The markets spent the week trying to find a narrative to believe. On the one hand, every Fed speech this week focused on the need for another 75bps hike in the funds rate in a couple weeks. I won’t go through the list of speakers, but the message was uniform. The market heard them loud and clear – the probability of a 75bps hike is now close to 90%, up from a coin flip back in mid-August.
When bonds and stocks chose to think about this, they swooned a little.
But then they moved on and focused on the other growing narrative – that we might have seen the worst of inflation. Next Tuesday the closely watched Consumer Price Index for August is released. The consensus estimate is for a slight fall, as you can see below.
Falling inflation – can that be right?
It is sure possible that the headline inflation number, that includes energy, could have fallen last month. After all, oil prices are down roughly -17% from the end of July, and gasoline prices have come off the boil.
There are other factors at play as well. Used car prices were a meaningful player in the inflation upswing, and they seem to have cracked.
And then there is housing. While home prices aren’t in the inflation calculation, there is some thought rental prices (that are in the calculation) might start to reflect the weakness in the housing market. After all, interest rates are weighing on housing activity with the 30-year mortgage rate hitting new highs.
Prices are now falling nationwide, at least on a month-over-month basis.
Finally, the market’s expectation of where inflation will be twelve months from now has plummeted. Back in June the expectation was for 6% inflation next year. Now it’s just 2.5%.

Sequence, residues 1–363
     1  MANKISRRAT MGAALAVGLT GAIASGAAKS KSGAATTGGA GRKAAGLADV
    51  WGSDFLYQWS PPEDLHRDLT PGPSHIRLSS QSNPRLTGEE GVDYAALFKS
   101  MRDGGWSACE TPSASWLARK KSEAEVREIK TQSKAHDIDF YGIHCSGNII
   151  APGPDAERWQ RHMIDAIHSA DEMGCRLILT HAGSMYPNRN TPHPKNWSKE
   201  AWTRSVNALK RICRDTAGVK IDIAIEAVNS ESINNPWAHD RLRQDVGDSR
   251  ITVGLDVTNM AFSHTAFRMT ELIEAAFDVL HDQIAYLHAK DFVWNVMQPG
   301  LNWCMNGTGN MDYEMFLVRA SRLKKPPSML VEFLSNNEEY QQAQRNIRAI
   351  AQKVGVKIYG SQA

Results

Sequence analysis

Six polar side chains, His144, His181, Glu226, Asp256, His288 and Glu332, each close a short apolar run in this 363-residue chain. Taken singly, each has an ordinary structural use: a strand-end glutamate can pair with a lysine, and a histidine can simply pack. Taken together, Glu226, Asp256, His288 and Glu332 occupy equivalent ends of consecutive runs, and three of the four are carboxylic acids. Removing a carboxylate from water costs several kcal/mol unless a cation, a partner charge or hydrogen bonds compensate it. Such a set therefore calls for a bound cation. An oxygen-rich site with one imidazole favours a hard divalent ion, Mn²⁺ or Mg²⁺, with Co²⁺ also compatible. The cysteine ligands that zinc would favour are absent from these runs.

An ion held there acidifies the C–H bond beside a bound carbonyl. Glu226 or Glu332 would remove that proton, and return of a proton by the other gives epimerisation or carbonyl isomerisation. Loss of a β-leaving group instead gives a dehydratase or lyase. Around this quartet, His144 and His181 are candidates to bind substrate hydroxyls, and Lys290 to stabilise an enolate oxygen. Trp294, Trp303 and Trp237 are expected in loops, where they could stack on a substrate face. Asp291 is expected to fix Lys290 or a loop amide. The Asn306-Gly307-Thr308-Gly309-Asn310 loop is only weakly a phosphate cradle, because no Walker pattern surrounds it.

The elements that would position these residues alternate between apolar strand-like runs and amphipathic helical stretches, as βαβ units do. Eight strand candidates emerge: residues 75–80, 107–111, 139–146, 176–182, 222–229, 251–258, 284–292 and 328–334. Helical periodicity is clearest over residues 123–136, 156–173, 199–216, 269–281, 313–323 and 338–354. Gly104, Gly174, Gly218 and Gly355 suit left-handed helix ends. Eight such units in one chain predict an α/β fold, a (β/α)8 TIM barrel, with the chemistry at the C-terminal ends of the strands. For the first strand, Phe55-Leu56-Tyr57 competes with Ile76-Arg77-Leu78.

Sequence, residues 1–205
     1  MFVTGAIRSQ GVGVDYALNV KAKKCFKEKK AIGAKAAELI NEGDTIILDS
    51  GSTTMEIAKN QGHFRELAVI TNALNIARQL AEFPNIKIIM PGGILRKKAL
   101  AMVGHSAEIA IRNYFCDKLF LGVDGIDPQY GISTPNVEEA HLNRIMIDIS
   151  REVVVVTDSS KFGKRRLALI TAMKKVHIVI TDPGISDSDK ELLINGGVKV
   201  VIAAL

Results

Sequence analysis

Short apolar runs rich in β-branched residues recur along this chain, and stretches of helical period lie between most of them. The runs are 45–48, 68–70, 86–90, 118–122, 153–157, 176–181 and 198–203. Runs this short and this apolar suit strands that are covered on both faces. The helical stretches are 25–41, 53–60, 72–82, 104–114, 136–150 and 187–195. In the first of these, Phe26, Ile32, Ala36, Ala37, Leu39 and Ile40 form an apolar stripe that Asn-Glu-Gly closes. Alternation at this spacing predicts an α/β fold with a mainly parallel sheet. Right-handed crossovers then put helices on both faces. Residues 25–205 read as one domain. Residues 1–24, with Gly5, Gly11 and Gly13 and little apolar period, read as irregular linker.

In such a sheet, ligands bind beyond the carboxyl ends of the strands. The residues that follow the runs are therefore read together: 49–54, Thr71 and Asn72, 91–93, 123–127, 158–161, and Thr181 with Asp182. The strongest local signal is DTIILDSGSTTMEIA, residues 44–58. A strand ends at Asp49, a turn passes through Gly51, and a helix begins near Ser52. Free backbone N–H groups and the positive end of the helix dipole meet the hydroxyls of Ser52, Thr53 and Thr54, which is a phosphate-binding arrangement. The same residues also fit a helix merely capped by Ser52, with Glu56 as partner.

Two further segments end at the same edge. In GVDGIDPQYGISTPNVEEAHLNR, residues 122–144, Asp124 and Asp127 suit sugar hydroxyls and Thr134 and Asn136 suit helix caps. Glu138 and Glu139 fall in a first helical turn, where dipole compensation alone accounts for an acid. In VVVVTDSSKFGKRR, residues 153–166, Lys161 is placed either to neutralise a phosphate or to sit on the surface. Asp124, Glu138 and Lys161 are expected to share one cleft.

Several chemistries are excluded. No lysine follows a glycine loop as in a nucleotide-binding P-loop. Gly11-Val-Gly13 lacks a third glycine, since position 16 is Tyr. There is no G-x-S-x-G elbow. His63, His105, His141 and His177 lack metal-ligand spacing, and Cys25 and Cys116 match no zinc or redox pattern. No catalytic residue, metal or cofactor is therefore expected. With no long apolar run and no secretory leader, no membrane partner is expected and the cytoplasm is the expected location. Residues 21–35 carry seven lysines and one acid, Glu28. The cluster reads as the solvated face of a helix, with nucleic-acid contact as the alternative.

The market could sure be wrong on this – it has been before – but how the Fed reacts to moderating inflation will a big driver of asset prices into year-end.
Charts We Found Interesting
1 – Soaring energy costs are triggering massive bailouts from both the U.K. and German governments.
2 – Thankfully, Europe is unlikely to run out of natural gas this winter. Storage levels have been topped up and demand is down significantly.
3 – This is going to take time, but Europe will find another source of gas. LNG terminals are sprouting up all over the place.
4 – Much of the gas will come from the U.S., but it turns out that in northern England there is about a thousand trillion cubic feet of natural gas. With modern technology maybe 10% of this is extractable. What’s that worth??
5 – The Fed has over 20K employees and spends roughly $2.6bn a year on salaries.
6 – Buying yesteryear’s winners is not a winning strategy.
7 – A 1952 mint condition Mickey Mantle baseball card sold for $12.6 million last week, a record price for a piece of sports memorabilia. The Mickey Mantle card was sold by waste management businessman Anthony Giordano, who acquired the card for $50,000 in 1991. That works out to roughly a 20% annualized return – not bad!!
8 – Not all heroes wear capes – A Nebraska man paddled 38 miles down the Missouri River in an 846-pound pumpkin (that has a cup holder carved in it).
Have a good weekend.
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